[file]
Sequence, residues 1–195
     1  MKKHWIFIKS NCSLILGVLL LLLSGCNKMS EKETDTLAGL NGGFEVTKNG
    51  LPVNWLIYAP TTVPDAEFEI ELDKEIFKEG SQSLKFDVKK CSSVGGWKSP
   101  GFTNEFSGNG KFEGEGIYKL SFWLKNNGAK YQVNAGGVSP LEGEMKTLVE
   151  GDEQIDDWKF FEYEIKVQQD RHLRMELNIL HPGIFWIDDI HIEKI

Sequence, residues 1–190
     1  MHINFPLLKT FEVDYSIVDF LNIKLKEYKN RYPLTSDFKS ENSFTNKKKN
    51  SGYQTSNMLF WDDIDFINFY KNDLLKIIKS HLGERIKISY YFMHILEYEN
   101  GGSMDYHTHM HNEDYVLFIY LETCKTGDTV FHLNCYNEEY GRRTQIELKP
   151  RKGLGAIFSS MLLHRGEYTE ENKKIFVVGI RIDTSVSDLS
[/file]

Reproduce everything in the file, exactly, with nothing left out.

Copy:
Sequence, residues 1–195
     1  MKKHWIFIKS NCSLILGVLL LLLSGCNKMS EKETDTLAGL NGGFEVTKNG
    51  LPVNWLIYAP TTVPDAEFEI ELDKEIFKEG SQSLKFDVKK CSSVGGWKSP
   101  GFTNEFSGNG KFEGEGIYKL SFWLKNNGAK YQVNAGGVSP LEGEMKTLVE
   151  GDEQIDDWKF FEYEIKVQQD RHLRMELNIL HPGIFWIDDI HIEKI

Sequence, residues 1–190
     1  MHINFPLLKT FEVDYSIVDF LNIKLKEYKN RYPLTSDFKS ENSFTNKKKN
    51  SGYQTSNMLF WDDIDFINFY KNDLLKIIKS HLGERIKISY YFMHILEYEN
   101  GGSMDYHTHM HNEDYVLFIY LETCKTGDTV FHLNCYNEEY GRRTQIELKP
   151  RKGLGAIFSS MLLHRGEYTE ENKKIFVVGI RIDTSVSDLS